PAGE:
Ransomware primer: you need to know these 5 things


Ransomware attacks in 2021 are on the rise due to the big rewards for criminals. 

Colonial Pipeline Co. reportedly paid between $4 and $5 million to hackers in order to get its pipeline back up and running. And there is a growing number of cases of outsized payments.

Here are 5 things everyone should know about ransomware – the worst of the worst malware – in 2021:

Ransomware attacks are on the rise. There has been a 57% increase in organizations affected by ransomware within the last six months and a 9% monthly increase since the beginning of the year, according to Check Point Research. And the U.S. sees the most ransomware attacks of any single country, with 12% of all attack attempts globally, according to Check Point.

The size of the payments is ballooning. The average cost of ransomware nearly tripled to $312,493 in 2020, according to Palo Alto Networks. Both the “highest amount paid” and “highest amount demanded” doubled to $10 million and $30 million, respectively, the cybersecurity firm said in its 2021 Unit 42 Ransomware Threat Report.

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Double extortion is now common. That’s the criminal practice of first encrypting data so victims can’t access computer systems and, second, threatening to leak the data to coerce victims into paying a ransom. Sometimes the data leak is a separate ransom, so the victim is being extorted for two payments. And triple extortion is on the menu now: encrypting and leaking data plus using Distributed Denial of Service (DDoS) attacks to shut down victim websites, according to Palo Alto Networks.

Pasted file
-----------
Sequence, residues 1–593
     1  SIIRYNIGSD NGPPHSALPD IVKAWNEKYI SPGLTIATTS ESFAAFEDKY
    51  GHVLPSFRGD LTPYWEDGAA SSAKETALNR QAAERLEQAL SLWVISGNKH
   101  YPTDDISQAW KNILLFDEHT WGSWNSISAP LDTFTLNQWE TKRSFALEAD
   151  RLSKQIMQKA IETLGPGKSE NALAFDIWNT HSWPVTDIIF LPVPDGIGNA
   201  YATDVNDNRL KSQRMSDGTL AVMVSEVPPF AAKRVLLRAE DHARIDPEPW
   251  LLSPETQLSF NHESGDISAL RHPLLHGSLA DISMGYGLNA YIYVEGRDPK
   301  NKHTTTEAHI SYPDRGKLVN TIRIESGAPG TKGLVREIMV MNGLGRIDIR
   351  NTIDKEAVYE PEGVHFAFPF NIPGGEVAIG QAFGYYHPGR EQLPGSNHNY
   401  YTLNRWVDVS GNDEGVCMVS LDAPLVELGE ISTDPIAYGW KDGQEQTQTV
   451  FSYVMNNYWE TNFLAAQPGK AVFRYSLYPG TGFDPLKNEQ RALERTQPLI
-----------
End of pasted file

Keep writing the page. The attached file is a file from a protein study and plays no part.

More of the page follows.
There are ways to limit your exposure. The best way to avoid ransomware is to have a carefully crafted data backup strategy, according to Tim Erlin, vice president of product management and strategy at cybersecurity firm Tripwire. 

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“A good thought exercise to see how prepared you are is to imagine what would happen if you physically lost your device,” Erlin told Fox News. “How would you start over? How would you get your data back?” In other words, keep your data backup physically separate (i.e., disconnected and offline) so criminals have no way of getting at your backup too.

Remember, ransomware must find a way into your system first: use secure, multi-factor authentication whenever possible. Use strong passwords that are not repeated across different accounts, keep the software on your devices up-to-date, and avoid clicking on links in emails, Erlin said.



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